Posted on : 06-24-2010 | By : Brian | In : Advice, D&D, House Rules
While thinking about encounters that are deliberately overpowered, I came up with an idea that I’d like to share. It’s a trick, really; smoke and mirrors. The idea is to use a monster that seems overpowered at first, but to build in vulnerabilities that the PCs can use to turn the tide. It really comes down to a couple of different modifications to a monster to make it work for this kind of encounter.
Find a Tough Monster
Say you’re DMing for a group of heroic-tier PCs; I’ll use my own PCs by way of example, who are currently level 8. The trick is to find a monster that would normally be a little bit out of their level range. This works best with standard or elite monsters, though you could do it with a solo, too. We’ll use an umber hulk, a level 12 elite soldier, as an example.
You want to bring the monster down nearer the party’s level (say, level 9 or 10 for the umber hulk), but still make it seem really difficult. You want it to be level-appropriate for three reasons: attack bonuses, damage, and defenses. You want the attack bonuses and defenses to be pretty standard for a monster of its new level because it’s not much fun to fight a monster that hits you every time, but that you keep whiffing against. The damage should be closer to the party’s level, but should still be on the high side, so that the monster feels powerful when it connects.
Next, you want to make it a solo. More hit points and more attacks is what you want. You want this thing to be attacking as many party members as it can during a round (without angling for a TPK), and you want it to be tough. If your creature is already a solo, give it resist all 10, to make it seem that much tougher.
In the case of the umber hulk, we’ll make it a level 9 solo. Its hit points, attack bonuses, and defenses should be appropriate for such a creature, but its damage should only be decreased slightly, if at all. I’d also think about giving it a recharge power in a close burst 1 or 2 that deals claw damage and pushes opponents or knocks them prone (or both).
Build in Vulnerabilities
This is the important part. These are not your standard vulnerabilities, like vulnerable 10 radiant or psychic. These are more like powers that are built into the monster, only they’re powers that the players can use against the monster, instead of powers that the monster uses. Each power should be discoverable with an appropriate knowledge, Perception, or Insight check, and when a power is discovered, you should make sure that the players know that this is a serious vulnerability in the monster’s defenses. You can go as far as handing out power cards for these vulnerabilities, or you can just describe them in the narrative and hope the players catch on.
The trick to these vulnerabilities is that they should require risk, but for a big reward. Requiring the players to ready an action for when they get attacked, or to make skill checks to remain on a monster’s back, or to avoid being trampled while underneath it, are all good. Also note that, if the monster was originally a solo and you gave it resist 10 all, make sure that your monster’s vulnerability attacks bypass that resistance.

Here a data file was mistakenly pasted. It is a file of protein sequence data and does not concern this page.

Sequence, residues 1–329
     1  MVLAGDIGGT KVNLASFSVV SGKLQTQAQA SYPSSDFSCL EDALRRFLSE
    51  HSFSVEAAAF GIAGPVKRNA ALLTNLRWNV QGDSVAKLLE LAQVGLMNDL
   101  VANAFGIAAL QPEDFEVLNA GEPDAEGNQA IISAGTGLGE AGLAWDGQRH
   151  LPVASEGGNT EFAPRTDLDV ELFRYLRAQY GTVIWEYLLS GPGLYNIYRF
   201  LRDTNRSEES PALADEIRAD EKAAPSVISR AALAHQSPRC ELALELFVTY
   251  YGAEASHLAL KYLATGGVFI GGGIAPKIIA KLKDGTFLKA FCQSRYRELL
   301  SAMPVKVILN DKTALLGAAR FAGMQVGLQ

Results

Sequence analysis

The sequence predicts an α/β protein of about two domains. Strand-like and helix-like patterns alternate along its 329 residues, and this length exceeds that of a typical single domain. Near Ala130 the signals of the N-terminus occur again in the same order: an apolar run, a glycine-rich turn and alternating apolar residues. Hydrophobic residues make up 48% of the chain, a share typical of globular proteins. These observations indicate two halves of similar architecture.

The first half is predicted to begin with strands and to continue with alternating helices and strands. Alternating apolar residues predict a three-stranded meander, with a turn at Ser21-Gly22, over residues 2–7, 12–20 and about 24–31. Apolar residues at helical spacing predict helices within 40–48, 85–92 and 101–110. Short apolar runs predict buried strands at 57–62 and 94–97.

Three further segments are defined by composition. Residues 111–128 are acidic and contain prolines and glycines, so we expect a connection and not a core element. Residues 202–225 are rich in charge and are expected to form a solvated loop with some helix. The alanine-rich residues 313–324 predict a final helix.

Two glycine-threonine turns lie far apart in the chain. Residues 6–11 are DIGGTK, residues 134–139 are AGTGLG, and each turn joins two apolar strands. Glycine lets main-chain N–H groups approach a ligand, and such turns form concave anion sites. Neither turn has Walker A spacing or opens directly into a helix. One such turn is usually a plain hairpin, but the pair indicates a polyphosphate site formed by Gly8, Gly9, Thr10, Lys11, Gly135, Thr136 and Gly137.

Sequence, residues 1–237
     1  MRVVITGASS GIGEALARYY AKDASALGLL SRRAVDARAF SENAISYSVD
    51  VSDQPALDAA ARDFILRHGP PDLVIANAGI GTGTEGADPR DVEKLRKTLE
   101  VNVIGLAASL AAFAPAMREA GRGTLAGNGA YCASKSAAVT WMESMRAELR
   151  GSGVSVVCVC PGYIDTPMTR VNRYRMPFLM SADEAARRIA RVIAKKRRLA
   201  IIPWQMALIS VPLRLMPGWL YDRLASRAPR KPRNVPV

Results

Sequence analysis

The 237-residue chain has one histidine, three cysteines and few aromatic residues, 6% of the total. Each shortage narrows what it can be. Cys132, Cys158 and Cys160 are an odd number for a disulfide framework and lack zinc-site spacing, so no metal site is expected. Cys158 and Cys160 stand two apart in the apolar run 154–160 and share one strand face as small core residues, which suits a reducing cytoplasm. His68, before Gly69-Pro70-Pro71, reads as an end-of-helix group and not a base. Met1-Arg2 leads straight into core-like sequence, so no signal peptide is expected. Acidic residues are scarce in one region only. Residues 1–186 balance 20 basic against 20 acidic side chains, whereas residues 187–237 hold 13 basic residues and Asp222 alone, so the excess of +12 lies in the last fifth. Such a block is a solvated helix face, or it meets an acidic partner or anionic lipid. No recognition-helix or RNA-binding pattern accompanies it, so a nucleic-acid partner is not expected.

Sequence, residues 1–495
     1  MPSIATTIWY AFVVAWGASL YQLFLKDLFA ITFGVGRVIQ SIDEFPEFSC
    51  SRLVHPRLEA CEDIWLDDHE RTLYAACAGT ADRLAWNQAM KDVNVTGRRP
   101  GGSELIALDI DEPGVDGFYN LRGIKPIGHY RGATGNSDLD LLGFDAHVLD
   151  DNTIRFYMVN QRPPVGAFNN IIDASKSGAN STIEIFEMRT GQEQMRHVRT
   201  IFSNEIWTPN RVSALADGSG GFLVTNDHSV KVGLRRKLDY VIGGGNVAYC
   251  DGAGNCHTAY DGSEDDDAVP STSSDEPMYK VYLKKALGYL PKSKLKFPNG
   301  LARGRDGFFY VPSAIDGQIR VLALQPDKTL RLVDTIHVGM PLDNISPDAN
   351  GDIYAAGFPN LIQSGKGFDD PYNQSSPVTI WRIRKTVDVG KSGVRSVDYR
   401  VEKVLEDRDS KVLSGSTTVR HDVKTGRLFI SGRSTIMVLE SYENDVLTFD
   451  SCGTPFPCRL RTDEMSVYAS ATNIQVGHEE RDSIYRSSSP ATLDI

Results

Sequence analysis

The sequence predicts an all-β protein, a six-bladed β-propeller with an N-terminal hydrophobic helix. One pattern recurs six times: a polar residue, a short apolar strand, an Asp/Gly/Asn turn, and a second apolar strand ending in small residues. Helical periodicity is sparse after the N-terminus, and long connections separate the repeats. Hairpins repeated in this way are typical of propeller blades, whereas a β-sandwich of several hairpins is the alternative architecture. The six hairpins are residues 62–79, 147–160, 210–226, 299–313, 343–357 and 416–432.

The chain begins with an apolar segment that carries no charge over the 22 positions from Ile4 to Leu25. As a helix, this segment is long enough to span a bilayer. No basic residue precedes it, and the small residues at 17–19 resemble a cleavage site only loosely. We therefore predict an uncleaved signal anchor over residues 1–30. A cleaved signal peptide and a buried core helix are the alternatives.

By way of example, I’d give the umber hulk the following two vulnerabilities:
Chink in the Armor (move action, at-will) * Weapon, Vulnerability
As part of a move action, you make an Acrobatics or Athletics (DC 20) check to jump on the umber hulk’s back. This provokes an opportunity attack from the umber hulk. While on its back, you can make a weapon attack with any one-handed or light weapon at a +3 bonus with combat advantage (total attack bonus +5); a successful attack deals +10 damage, and the umber hulk is dazed until the start of your next turn. At the beginning of your turn, if you are still on the umber hulk’s back, you must make an Acrobatics or Athletics (DC 20) check to remain on the umber hulk. If you fail, you are thrown off of the umber hulk’s back; you slide 3 squares, are knocked prone, and take appropriate falling damage for the number of squares you slide.
Reflected Gaze (readied standard action, at-will) * Vulnerability
Any character can ready a standard action to use a reflective surface (such as a polished shield or a mirror) to reflect the umber hulk’s gaze back at it; you must be a target of the gaze for this vulnerability to take effect. Doing so is a Dexterity, Intelligence, or Wisdom attack versus the umber hulk’s Will. If you succeed, you negate the effect of the umber hulk’s gaze against you. In addition, the umber hulk takes 2d6+5 and ongoing 10 psychic damage (save ends). If you fail, the umber hulk makes its attack roll against you as normal, with combat advantage.
Play it Up
Remember that this is a level-appropriate version of a very difficult monster. Play up the fact that the monster is shrugging off the players’ blows, and that it’s dealing massive amounts of damage. When they discover and use a vulnerability, play up how effective it is against the monster. Make sure they know that using it is a winning strategy. Hopefully, they’ll be sorely taxed, but they’ll feel like serious bad-asses when they take down something really tough.